The Ebola crisis in four West African nations has far outpaced the ability of health organizations to keep up with the deadly disease, which is spreading rapidly.

That's the grim news from the World Health Organization and the U.S. Centers for Disease Control (CDC)

Dr. Tom Frieden, director of the CDC, told reporters last week during a tour of health facilities in Liberia and Sierra Leone, the worst-affected nations, "The number of cases is spiraling upward ... More cases are leading to less adequate management of each case, which is leading to more cases. That cycle has got to be broken for us to stop this ... There's an urgent need to get patients into isolation and start to get better control of the disease."

The obstacles are daunting. There are not enough isolation wards to meet the current demand, which is expected to rise sharply. The disease has killed doctors and health workers, scared other health workers into quitting, and caused some hospitals to close.

The spillover effects mean that patients with other conditions requiring hospitalization often stay away for fear of contracting Ebola.

The entire pubic health systems of Liberia and Sierra Leone have broken down. (There also are a significant number of related cases in neighboring Nigeria and Guinea, and a new outbreak from a different origin in the Democratic Republic of Congo.)

The World Health Organization predicts that West Africa may eventually see as many as 20,000 cases of the disease, up from the current documented number of 3,000 Ebola patients, about half of whom have died.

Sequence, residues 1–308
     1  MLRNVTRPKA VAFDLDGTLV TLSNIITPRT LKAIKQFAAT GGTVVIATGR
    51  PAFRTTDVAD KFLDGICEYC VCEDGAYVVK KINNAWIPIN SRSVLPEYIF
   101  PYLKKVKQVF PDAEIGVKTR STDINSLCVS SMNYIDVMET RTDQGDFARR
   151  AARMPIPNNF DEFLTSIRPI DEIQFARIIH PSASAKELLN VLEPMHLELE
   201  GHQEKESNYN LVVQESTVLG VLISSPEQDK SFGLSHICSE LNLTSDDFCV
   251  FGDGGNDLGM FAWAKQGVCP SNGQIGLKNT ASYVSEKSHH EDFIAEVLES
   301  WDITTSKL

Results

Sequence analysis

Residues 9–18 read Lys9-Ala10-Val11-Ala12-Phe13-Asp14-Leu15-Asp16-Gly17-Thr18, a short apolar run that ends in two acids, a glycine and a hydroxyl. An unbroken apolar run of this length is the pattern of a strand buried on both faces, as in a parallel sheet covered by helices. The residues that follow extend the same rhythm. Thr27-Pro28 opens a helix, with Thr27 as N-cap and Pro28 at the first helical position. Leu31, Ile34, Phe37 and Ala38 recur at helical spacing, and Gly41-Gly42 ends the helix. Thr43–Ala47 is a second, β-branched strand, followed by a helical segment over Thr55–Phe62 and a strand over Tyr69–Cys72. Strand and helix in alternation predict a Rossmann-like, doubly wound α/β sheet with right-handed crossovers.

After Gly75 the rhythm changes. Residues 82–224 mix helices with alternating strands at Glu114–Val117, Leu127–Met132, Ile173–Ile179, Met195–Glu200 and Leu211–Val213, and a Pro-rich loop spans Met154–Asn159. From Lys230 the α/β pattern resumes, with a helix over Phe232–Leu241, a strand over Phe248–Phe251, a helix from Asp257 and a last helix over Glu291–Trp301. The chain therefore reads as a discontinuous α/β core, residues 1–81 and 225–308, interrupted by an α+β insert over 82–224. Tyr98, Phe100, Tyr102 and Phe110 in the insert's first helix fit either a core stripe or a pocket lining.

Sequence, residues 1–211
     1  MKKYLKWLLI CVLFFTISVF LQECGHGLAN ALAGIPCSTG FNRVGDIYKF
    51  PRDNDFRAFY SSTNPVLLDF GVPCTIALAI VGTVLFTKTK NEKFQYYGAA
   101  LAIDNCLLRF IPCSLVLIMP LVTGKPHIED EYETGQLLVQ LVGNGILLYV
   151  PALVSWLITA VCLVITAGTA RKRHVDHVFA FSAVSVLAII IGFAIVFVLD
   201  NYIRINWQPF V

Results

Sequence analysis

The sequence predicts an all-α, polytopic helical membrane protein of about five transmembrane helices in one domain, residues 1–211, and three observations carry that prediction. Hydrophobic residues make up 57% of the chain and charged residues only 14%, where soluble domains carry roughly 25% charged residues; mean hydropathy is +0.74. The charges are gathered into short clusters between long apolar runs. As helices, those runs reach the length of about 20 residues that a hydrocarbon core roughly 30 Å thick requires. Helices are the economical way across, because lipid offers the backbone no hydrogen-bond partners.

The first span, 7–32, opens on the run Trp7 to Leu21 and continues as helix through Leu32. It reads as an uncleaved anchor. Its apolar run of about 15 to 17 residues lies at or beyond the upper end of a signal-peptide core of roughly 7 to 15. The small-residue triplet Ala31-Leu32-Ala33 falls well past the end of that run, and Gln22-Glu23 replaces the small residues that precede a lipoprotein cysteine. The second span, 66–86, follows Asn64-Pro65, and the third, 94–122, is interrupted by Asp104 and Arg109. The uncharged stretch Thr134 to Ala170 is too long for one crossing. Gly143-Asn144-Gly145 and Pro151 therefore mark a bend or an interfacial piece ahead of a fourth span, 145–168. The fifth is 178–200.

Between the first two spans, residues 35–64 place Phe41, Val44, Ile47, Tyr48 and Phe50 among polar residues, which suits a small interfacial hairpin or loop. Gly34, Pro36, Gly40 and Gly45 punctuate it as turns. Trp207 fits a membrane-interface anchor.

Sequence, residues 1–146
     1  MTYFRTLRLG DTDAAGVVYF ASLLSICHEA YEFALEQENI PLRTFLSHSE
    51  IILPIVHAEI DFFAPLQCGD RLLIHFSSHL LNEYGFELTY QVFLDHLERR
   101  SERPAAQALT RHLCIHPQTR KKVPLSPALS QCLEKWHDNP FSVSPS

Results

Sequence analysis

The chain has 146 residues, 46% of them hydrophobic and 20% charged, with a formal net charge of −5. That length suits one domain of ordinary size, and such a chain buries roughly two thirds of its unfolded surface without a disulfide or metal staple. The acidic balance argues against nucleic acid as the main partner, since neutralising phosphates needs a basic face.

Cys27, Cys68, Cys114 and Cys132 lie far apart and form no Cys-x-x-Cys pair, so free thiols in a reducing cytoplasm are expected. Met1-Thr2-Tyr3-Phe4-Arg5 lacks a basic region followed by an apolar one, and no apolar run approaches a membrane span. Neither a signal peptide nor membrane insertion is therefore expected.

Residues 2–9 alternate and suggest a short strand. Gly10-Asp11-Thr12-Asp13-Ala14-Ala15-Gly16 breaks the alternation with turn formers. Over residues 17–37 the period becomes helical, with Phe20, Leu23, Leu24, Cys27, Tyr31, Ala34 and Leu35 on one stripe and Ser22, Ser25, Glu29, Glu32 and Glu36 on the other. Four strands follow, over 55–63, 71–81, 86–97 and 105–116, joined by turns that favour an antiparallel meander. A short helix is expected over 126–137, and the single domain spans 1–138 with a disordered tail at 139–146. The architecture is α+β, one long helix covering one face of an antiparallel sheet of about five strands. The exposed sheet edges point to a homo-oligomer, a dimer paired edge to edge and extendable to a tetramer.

But given the chaotic situation in West African health systems and the inability of governments to isolate and quarantine affected neighborhoods, even that number may be too low.

The affected nations do not have the doctors, nurses, modern medical equipment or training to cope.

The WHO estimates that providing the trained staff, equipment and facilities needed to bring the Ebola epidemic under control over the next year with help from more advanced medical systems will cost about $500 million, which must be raised from wealthy countries.

That's a pittance as international aid programs go. Congress should make sure the plan is adequate and give it strong backing.

According to Dr. Frieden, "This is a threat not just to West Africa and to Africa, this is a threat to the world," because the uncontrolled spread of Ebola in Africa "increases the risk of spread to other countries."

That risk demands a global response to Ebola. The remarkable cure at Atlanta's Emory University Hospital of two physicians stricken in Africa while treating Ebola patients provided heartening proof that the disease isn't necessarily a death sentence.

It also suggests that the U.S. is best prepared to assist a medical response to the mounting crisis in Africa.